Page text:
Saturday, November 10, 2007

11/3 Gogol Bordello @ Terminal 5

Or, " thing I know Eugene Hutz is on TOP of me."

"Holy, fucking shit," I thought to myself as I continued to follow the line that snaked along the boarded up construction that neighbored Terminal 5. I knew the show was sold out, but the line really surprised me. I guess I'd gotten too complacent where I was always one of the first people to show up and people usually didn't bother showing up until the doors actually opened, or even waited until after the opening acts played.

As we waited in line, I tried to figure out whether or not I should just head up to the balcony to get a front view up there rather than take my chances.

"I need to come here at least 2 hours before the doors open the next time," I mused as we slowly started entering like cattle. The ladies were made to stand to the left and men to the right. We had to have our jackets and bags opened for inspection. I was still mildly annoyed about possibly having a shitty view when I decided to enter the main admission area before heading up to the balconies...only to be surprised that there seemed to be not that many people already inside.

"What the fuck kind of Tardis shit is this?" I asked looking around incredulously. It wasn't just that there weren't that many people on the main floor, the balconies looked pretty empty too. I didn't waste anytime however and made a beeline for the stage and ended up being in the second row. I have no idea where those people disappeared to. I'm thinking there was a trap door that I narrowly missed while walking in. The hallways of the place did look a bit unfinished still. Unless they were being ironic about their look or something. There was still visible spackling on the hallway walls.

The opening act was Dub Trio and a DJ spun some ill gypsy/Greek/Slavic music infused beats. I couldn't catch the DJs name, but learned later on that he was the newest addition to the Gogol Bordello crew.

Quite honestly, the whole show was a blur. I'm already horrible at remember sets, but at a Gogol Bordello show? I mean, if I wrote shit down, OK, yea I'd get by, but who the hell goes to shows to write shit down unless it was your job or something? I do this for fun. If I was getting paid for it, fine, yea I'd be more conscientious about that kind of stuff, but I do enough of that at my regular job as it is. Just let me have my peace and enjoy the music and atmosphere. And damn, what an atmosphere it was, which brings me to another group at shows which annoys me as much as assholes: Pussies.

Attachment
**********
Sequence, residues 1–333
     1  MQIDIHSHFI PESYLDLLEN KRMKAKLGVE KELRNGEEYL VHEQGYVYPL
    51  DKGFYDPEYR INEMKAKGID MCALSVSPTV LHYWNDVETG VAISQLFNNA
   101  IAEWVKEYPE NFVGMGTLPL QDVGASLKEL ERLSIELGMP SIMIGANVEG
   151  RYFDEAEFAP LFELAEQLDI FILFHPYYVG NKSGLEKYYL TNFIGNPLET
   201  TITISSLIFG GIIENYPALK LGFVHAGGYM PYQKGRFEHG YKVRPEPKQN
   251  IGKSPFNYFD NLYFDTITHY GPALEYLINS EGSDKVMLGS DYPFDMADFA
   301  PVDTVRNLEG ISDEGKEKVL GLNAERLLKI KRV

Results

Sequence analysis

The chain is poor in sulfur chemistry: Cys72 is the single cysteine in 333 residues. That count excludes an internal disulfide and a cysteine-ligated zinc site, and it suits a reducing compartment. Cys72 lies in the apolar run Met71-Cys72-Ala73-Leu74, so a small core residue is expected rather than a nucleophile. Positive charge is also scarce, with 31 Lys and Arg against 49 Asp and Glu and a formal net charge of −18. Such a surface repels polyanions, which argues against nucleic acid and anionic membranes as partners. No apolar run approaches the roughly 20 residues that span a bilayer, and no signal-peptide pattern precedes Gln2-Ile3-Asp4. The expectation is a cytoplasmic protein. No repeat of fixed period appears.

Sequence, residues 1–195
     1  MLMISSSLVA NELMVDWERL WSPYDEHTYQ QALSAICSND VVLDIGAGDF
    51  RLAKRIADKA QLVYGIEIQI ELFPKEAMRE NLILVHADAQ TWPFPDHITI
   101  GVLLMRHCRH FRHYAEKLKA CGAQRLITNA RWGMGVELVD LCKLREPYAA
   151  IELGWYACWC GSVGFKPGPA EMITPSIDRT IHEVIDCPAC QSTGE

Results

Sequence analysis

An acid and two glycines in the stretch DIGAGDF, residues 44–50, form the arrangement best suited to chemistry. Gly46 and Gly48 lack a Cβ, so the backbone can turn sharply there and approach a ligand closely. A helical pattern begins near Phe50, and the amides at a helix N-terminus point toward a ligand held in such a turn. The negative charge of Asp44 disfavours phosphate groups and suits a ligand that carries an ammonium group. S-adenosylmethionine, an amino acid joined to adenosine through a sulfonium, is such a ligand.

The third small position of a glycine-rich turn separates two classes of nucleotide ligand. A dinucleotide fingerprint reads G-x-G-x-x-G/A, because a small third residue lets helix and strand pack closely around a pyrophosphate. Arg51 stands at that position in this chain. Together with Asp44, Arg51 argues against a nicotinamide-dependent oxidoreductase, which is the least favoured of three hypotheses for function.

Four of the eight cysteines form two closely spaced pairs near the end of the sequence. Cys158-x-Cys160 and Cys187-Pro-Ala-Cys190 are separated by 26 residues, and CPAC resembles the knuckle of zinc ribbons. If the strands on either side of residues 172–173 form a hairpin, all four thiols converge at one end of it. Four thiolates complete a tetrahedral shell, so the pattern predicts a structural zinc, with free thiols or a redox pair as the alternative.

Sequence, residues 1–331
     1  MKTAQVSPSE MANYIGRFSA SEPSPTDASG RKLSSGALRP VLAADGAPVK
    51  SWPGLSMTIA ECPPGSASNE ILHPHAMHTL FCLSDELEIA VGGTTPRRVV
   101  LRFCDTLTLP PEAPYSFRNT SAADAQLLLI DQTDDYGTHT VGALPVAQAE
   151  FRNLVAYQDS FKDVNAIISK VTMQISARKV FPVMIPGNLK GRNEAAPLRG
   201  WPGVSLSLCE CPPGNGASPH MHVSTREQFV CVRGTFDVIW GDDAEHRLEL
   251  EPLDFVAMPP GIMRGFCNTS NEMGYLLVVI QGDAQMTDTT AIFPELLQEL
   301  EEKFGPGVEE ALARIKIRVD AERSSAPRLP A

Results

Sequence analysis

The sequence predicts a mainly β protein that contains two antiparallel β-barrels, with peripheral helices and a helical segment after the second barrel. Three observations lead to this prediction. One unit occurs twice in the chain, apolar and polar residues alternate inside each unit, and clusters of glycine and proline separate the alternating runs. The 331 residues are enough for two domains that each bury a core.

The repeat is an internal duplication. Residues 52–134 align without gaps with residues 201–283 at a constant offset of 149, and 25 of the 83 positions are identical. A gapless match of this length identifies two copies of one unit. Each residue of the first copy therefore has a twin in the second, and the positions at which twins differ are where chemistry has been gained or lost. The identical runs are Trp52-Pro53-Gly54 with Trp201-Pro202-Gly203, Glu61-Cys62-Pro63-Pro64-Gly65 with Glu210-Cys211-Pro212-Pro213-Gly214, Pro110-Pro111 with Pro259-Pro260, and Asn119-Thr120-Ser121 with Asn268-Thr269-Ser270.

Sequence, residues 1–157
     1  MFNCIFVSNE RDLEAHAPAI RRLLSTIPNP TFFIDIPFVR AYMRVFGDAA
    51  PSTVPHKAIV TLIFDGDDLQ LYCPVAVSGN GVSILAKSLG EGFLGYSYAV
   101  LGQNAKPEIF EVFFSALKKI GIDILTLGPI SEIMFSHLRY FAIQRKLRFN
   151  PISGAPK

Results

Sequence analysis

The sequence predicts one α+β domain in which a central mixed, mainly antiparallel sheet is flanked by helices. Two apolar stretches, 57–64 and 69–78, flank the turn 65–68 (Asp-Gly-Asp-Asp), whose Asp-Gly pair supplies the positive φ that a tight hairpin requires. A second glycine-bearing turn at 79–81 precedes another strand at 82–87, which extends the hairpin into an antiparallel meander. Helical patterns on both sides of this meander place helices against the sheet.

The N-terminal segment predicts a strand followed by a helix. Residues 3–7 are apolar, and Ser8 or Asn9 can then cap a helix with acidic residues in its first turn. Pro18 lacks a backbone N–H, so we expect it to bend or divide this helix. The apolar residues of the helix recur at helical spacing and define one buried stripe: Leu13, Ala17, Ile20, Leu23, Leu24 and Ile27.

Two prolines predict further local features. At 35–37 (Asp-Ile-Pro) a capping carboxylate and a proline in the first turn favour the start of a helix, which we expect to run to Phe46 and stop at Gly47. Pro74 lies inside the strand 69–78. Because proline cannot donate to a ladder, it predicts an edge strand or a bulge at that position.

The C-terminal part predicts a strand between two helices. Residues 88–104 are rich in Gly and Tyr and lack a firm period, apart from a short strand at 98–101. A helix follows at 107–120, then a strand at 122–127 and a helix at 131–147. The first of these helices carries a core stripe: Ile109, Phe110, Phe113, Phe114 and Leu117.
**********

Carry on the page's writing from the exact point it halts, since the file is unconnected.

People who bitch at shows about how rough it gets. And I don't mean all shows get a free pass for being rough. Some shows aren't meant to be, and when you're trying to crowd surf to mellow-ass shit or trying to skank just because the band plays something somewhat fast-paced, you're just trying too hard or being a douche. For example, that one dude? At Arcade Fire who was doing the punk show, one hand on someone's shoulder so you can jump up high thing? Except he was like 6'2" and was using the shoulder of a girl in front of him who looked like she was 5'2" and would barely weigh 100 pounds soaking wet? You, sir, are a goddamned idiot. Everyone instinctively knows what kind crowd a show will generate. Sometimes you may overestimate, but you come with some sense in your head of whether or not you'll spend an evening with your arms crossed bobbing your head or if you should be more than ready to have to clock a motherfucker. What I'm talking about, are people who come to a Gogol Bordello show and can't stop complaining about being jostled about. Or people shooting you dirty looks because you shoved them the hell back into the crowd after they try to push you out of the way to get to the front.